Texas Baptist Forum

Letters: Gay marriage not a marriage

Gays, marriage, definitions & responsibilities

To me, “gay” marriage is not “marriage” at all in any biblical sense. It is a consenting relationship with a degree of commitment.

That said, same-sex relationships may not be best for anyone, but when people choose to go that way, it is their choice, and I have no business interfering with it. Both are still sinners in need of a Savior, just as I am.

I will do my best to lead them to faith in Jesus as Savior and Lord. I have no business inquiring as to their sexual orientation. In heaven, it won’t matter anyway.

My responsibility now is to love and serve everyone, regardless of their sexual preferences.

David King


‘Begotten’ by God

I found the message in “Life: Why Should I Trust the Bible?” interesting and educational. Word usage is indeed a fascinating study, and Leigh Powers made a significant point.

I, too, love words and often find it challenging to select the right words to convey exactly what I wish to say. I am often somewhat curious about why writers and speakers select certain words and phrases to express themselves. An example is a sermon I heard recently on John 3:16. The preacher read from the New International Version: “For God so loved the world that he gave his one and only Son. …” Then, in verse 18, it again says, “… one and only Son.”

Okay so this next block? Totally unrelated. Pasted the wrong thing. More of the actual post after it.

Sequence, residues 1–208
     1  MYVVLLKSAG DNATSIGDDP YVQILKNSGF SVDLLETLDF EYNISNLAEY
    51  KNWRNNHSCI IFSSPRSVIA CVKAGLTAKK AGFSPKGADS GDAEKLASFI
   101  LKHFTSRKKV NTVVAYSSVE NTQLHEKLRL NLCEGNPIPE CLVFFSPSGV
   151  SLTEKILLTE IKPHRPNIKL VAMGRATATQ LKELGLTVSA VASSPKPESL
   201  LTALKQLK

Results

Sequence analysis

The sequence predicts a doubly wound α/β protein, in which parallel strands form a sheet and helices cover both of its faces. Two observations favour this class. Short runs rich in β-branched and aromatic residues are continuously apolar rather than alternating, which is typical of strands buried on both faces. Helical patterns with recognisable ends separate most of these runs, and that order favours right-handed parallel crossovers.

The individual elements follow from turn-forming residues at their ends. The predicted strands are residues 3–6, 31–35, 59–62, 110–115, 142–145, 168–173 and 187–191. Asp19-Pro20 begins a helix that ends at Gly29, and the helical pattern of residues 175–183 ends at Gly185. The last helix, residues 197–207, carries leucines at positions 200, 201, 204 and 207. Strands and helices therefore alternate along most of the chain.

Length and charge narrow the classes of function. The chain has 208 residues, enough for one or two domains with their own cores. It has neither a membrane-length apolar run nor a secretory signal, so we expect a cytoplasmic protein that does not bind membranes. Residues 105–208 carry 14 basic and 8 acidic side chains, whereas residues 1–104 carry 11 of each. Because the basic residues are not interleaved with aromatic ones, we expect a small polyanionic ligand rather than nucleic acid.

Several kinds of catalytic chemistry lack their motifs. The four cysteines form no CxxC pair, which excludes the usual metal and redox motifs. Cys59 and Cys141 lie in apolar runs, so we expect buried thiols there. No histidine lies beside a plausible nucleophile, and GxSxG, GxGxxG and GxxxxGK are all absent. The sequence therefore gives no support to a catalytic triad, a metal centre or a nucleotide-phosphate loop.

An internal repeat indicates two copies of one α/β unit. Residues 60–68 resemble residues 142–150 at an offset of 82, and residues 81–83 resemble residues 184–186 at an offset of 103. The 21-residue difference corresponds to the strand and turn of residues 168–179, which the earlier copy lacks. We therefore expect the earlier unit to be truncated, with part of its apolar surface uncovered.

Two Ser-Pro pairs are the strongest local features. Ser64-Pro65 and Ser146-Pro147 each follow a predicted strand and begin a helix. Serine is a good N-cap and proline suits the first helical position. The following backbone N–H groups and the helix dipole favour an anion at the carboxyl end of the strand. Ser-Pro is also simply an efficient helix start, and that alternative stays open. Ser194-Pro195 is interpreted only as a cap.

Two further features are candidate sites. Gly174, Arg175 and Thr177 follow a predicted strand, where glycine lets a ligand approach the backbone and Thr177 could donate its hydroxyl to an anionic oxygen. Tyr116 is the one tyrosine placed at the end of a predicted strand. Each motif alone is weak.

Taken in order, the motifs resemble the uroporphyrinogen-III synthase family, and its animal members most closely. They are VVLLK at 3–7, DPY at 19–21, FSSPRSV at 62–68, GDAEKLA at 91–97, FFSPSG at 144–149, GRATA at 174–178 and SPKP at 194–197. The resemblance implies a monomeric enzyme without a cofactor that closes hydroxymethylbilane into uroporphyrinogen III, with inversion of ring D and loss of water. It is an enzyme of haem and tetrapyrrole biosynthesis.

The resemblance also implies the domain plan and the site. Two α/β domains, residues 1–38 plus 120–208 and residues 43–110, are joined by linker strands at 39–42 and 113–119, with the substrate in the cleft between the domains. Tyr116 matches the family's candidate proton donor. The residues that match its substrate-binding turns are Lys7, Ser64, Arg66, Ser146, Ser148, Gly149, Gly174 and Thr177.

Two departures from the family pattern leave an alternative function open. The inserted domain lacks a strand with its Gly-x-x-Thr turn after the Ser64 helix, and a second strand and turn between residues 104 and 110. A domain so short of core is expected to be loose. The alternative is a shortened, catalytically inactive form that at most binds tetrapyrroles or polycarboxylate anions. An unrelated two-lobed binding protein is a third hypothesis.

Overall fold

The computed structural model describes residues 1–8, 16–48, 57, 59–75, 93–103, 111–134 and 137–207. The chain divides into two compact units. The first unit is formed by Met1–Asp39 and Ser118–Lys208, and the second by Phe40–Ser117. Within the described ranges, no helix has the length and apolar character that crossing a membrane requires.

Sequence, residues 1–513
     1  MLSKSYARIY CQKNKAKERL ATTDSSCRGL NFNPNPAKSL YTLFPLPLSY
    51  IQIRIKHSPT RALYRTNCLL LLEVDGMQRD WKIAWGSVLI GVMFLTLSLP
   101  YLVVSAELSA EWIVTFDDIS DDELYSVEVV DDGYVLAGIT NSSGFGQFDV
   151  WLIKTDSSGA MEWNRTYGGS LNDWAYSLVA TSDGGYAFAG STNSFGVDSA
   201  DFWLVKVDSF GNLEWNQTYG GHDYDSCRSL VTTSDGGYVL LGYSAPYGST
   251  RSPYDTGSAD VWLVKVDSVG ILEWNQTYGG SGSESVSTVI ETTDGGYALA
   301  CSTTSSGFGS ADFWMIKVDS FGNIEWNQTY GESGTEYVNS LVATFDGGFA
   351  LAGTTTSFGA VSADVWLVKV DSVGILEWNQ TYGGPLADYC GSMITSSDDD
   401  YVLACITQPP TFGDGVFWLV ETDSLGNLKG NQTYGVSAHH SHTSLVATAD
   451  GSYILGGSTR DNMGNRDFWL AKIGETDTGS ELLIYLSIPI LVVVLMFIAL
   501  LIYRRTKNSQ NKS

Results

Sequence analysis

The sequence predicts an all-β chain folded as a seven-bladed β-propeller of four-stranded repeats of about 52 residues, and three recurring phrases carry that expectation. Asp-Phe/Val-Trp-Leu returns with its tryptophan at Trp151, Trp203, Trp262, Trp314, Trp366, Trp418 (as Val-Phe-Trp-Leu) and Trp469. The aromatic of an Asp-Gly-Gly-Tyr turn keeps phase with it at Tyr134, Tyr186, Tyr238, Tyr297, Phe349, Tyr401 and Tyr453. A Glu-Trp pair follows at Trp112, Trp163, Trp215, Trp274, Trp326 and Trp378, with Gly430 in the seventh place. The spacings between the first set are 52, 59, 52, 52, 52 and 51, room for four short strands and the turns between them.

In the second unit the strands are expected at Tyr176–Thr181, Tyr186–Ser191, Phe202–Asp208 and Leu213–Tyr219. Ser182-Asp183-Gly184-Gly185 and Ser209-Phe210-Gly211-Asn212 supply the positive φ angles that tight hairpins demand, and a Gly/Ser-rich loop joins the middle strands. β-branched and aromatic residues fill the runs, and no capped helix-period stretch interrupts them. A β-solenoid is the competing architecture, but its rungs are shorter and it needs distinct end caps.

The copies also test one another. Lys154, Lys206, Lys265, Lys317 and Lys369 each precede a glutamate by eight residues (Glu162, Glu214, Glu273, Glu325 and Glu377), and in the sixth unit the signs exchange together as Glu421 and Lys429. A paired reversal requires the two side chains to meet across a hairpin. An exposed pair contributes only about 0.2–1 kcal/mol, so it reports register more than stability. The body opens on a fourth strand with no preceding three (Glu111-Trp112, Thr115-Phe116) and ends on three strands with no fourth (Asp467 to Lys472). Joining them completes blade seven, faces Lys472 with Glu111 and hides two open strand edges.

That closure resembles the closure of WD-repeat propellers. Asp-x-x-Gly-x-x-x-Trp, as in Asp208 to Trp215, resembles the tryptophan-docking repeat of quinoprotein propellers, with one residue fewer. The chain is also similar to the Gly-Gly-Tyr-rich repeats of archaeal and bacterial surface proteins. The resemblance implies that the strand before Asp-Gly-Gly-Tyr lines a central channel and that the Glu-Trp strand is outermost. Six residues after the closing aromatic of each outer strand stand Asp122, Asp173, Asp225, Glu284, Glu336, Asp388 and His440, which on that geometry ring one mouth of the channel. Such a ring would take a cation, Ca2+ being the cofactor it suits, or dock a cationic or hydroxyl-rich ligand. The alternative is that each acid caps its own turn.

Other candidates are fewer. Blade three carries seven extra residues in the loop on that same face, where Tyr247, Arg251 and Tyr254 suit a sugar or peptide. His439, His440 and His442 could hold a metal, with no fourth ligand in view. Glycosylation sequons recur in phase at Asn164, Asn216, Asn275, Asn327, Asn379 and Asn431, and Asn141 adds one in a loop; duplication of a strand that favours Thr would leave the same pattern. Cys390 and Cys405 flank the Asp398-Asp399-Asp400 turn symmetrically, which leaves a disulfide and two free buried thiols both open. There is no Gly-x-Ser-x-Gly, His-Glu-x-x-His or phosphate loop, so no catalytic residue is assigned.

I have been reborn and thus am a son of God.

The complete truth of “begotten” must not be eliminated. Jesus is totally God, but when he was sent to  fulfill the plan for our salvation, he was totally man. Mary’s pregnancy was physically real, just like our mothers’. His birth was like ours. His life as a baby, child and man was full of the same factors of growth and experiences as ours, with the glorious exception that he was begotten by God. He labored and sweated and bled just like us. In all ways, he encompassed the definition of man while at the same time being one with God by whom he was begotten by miraculous conception. 

Bill Lawson


Revisioning camps as addiction centers

What if one, two, three or four of the associations that own a camp in Texas changed their mission to being a fully licensed, medically equipped, psychologically staffed in-patient addiction recovery center?

Wouldn’t it be great if Texas Baptists had a 200-, 300- or even 400-bed residential center to care for loved ones seeking freedom from addiction? A center that was so well respected that people from across the state would seek to go there first?

Talk about a boom for the nearby town, as well. Think of all those Christian professionals living within driving distance of that center!

What if another camp became a regionwide shelter for battered women and maybe even their families? Think of the benefit.

What a great re-visioning for two, three or four associations/areas/camps to serve God’s kingdom in a new way. What a great day for God’s people and for Texas Baptists to have two or four of our camps revitalized for vibrant, year-round, much needed ministry.

If only … .

Ben Macklin


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